If you intend to process the output of lspci automatically, please use
       one of the machine-readable output formats (-m, -vm, -vmm) described in
       this section. All other formats are likely to change between versions
       of lspci.

       All numbers are always printed in hexadecimal. If you want to process
       numeric ID's instead of names, please add the -n switch.

   Simple format (-m)
       In the simple format, each device is described on a single line, which
       is formatted as parameters suitable for passing to a shell script,
       i.e., values separated by whitespaces, quoted and escaped if necessary.
       Some of the arguments are positional: slot, class, vendor name, device
       name, subsystem vendor name and subsystem name (the last two are empty
       if the device has no subsystem); the remaining arguments are option-

       -rrev  Revision number.

              Programming interface.

       The relative order of positional arguments and options is undefined.
       New options can be added in future versions, but they will always have
       a single argument not separated from the option by any spaces, so they
       can be easily ignored if not recognized.

   Verbose format (-vmm)
       The verbose output is a sequence of records separated by blank lines.
       Each record describes a single device by a sequence of lines, each line
       containing a single `tag: value' pair. The tag and the value are
       separated by a single tab character.  Neither the records nor the lines
       within a record are in any particular order.  Tags are case-sensitive.

       The following tags are defined:

       Slot   The name of the slot where the device resides
              ([domain:]bus:device.function).  This tag is always the first in
              a record.

       Class  Name of the class.

       Vendor Name of the vendor.

       Device Name of the device.

              Name of the subsystem vendor (optional).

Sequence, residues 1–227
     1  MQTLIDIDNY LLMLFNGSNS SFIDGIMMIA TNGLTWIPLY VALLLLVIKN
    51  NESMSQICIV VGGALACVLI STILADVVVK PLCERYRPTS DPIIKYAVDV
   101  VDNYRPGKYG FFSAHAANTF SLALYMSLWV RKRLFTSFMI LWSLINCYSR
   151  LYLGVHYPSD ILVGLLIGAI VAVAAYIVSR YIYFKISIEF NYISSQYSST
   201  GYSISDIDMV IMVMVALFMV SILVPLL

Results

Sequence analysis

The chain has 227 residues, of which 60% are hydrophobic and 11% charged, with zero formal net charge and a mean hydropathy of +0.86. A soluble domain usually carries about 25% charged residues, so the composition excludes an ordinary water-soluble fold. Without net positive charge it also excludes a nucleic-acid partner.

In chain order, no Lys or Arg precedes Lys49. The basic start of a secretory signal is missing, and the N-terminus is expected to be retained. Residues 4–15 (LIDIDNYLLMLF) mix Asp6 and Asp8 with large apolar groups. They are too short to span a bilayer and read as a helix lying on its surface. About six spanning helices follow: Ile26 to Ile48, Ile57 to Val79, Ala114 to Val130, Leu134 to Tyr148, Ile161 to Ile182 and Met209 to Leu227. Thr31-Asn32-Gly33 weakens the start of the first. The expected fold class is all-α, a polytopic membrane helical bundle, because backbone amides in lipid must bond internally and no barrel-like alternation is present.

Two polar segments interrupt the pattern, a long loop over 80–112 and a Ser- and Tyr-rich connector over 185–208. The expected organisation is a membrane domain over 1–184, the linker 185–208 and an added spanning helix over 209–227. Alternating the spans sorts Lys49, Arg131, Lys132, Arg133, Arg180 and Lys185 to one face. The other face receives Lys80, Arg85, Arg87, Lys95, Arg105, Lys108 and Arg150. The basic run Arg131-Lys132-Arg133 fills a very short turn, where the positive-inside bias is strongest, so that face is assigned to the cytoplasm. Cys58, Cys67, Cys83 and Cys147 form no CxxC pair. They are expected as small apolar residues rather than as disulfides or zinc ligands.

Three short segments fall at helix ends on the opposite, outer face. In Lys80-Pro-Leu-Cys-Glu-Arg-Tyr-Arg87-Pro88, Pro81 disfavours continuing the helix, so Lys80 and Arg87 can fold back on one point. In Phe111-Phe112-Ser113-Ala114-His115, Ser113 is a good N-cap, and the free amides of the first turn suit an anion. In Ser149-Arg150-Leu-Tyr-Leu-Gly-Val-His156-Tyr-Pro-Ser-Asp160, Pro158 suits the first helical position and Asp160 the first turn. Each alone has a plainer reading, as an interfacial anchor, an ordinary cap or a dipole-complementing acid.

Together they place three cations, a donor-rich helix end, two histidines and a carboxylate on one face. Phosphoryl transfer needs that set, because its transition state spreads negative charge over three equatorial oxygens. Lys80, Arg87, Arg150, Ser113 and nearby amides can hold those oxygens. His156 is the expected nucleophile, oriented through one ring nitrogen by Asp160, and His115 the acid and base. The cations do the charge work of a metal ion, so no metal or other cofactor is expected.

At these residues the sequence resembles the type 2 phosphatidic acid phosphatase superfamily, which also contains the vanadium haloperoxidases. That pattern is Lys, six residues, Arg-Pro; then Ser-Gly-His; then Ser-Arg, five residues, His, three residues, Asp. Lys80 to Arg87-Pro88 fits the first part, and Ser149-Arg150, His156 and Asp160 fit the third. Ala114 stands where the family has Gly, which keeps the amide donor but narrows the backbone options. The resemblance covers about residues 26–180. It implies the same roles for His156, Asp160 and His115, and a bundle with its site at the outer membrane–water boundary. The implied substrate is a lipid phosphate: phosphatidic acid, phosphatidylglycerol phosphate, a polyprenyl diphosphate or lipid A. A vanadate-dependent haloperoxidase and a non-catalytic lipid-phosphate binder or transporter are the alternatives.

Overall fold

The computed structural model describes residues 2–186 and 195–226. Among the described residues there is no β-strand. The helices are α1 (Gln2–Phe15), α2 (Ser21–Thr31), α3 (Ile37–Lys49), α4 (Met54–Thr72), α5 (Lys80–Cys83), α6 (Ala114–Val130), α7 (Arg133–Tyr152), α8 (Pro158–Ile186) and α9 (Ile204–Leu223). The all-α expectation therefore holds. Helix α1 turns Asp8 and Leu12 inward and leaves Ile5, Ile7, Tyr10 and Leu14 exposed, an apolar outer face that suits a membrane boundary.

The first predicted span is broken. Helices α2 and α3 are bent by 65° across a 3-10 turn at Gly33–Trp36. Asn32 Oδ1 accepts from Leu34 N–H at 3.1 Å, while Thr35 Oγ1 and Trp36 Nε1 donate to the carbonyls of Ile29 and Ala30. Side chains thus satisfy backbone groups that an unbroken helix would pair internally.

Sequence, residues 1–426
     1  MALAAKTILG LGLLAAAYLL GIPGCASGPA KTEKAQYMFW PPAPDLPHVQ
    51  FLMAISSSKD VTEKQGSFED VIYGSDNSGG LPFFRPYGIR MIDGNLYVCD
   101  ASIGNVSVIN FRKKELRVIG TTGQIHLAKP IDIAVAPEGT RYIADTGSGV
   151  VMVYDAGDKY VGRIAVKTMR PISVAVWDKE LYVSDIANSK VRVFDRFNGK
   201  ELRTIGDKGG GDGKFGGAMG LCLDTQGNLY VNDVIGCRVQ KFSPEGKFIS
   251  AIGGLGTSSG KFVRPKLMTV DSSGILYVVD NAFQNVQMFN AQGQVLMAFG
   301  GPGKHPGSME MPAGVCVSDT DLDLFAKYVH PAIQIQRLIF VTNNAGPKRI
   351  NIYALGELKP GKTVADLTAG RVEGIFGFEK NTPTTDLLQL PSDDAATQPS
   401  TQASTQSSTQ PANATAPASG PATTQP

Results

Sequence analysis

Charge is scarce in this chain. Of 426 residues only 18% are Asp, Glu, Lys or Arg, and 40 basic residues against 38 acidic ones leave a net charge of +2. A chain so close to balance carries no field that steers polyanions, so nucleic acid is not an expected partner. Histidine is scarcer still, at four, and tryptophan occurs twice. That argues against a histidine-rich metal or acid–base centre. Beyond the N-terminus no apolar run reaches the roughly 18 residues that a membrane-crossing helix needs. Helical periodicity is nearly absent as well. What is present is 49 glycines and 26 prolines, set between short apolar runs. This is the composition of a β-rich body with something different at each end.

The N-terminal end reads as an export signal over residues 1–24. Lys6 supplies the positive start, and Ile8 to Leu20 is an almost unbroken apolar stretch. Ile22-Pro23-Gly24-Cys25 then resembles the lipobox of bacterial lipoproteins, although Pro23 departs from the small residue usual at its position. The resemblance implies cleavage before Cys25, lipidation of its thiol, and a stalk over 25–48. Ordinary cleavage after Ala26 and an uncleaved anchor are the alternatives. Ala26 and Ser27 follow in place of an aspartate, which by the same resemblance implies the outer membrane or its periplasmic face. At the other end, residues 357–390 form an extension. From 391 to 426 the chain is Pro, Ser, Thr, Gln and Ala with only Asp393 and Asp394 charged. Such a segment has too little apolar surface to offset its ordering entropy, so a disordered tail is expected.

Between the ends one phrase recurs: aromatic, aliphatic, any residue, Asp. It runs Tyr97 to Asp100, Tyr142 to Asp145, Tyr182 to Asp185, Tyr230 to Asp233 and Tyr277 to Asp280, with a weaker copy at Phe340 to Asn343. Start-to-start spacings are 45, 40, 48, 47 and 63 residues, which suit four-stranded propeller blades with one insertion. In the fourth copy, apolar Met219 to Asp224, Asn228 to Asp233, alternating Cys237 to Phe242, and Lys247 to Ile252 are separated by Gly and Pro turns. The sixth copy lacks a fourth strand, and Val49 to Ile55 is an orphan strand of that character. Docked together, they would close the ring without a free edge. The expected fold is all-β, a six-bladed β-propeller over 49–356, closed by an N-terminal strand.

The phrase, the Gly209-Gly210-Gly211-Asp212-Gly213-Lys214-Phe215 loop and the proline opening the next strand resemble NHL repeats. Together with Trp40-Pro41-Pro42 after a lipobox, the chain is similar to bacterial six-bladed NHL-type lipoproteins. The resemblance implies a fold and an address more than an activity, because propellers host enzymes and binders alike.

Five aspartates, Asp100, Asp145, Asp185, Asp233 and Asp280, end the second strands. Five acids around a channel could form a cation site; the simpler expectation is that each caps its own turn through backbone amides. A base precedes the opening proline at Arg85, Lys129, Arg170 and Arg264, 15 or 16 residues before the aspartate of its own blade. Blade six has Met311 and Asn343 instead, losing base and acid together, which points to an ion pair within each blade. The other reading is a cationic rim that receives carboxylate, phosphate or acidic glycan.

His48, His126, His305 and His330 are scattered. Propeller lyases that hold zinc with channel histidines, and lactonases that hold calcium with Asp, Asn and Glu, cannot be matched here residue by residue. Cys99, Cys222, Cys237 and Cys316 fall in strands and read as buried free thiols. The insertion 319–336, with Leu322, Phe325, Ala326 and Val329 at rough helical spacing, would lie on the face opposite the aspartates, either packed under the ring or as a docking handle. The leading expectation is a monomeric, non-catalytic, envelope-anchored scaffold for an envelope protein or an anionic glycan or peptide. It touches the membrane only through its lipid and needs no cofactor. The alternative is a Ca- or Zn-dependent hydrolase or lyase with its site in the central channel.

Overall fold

Name of the subsystem (optional).

              The physical slot where the device resides (optional, Linux

       Rev    Revision number (optional).

       ProgIf Programming interface (optional).

       Driver Kernel driver currently handling the device (optional, Linux

       Module Kernel module reporting that it is capable of handling the
              device (optional, Linux only).

              NUMA node this device is connected to (optional, Linux only).

       New tags can be added in future versions, so you should silently ignore
       any tags you don't recognize.

   Backward-compatible verbose format (-vm)
       In this mode, lspci tries to be perfectly compatible with its old
       versions.  It's almost the same as the regular verbose format, but the
       Device tag is used for both the slot and the device name, so it occurs
       twice in a single record. Please avoid using this format in any new

              A list of all known PCI ID's (vendors, devices, classes and
              subclasses). Maintained at, use the
              update-pciids utility to download the most recent version.

              If lspci is compiled with support for compression, this file is
              tried before pci.ids.

              All ID's found in the DNS query mode are cached in this file.

       Sometimes, lspci is not able to decode the configuration registers
       completely.  This usually happens when not enough documentation was
       available to the authors.  In such cases, it at least prints the <?>
       mark to signal that there is potentially something more to say. If you
       know the details, patches will be of course welcome.

       Access to the extended configuration space is currently supported only
       by the linux_sysfs back-end.

       setpci(8), update-pciids(8), pcilib(7)

       The PCI Utilities are maintained by Martin Mares <>.

pciutils-3.6.2                  12 August 2018                        lspci(8)